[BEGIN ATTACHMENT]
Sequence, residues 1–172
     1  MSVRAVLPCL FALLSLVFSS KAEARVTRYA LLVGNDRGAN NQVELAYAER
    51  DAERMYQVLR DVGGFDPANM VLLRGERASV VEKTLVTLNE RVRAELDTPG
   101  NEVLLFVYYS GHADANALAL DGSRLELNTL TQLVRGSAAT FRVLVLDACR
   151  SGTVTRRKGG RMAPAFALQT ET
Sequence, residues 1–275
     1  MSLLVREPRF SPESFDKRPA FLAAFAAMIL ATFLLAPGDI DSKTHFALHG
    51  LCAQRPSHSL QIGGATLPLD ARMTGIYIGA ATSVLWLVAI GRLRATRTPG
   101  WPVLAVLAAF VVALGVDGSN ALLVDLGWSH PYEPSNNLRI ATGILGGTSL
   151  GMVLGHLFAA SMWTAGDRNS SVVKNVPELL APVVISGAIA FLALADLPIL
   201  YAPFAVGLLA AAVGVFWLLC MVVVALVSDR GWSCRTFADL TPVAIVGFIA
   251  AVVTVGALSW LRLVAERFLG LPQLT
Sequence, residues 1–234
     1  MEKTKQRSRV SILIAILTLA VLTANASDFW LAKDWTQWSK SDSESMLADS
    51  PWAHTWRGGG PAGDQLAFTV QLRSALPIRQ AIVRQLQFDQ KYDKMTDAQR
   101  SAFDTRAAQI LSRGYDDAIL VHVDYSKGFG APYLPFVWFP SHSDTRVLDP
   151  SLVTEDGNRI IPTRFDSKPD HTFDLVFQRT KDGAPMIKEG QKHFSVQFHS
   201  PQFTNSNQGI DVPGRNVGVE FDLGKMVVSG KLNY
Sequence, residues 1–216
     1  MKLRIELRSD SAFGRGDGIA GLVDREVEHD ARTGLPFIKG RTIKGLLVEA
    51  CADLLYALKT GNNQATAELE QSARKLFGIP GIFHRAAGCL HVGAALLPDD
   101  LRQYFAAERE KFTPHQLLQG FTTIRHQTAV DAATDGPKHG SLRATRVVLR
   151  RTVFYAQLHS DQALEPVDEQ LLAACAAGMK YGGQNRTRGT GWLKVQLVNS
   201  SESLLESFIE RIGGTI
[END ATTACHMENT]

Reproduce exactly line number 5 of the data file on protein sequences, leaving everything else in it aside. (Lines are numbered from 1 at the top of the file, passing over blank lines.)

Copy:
   151  SGTVTRRKGG RMAPAFALQT ET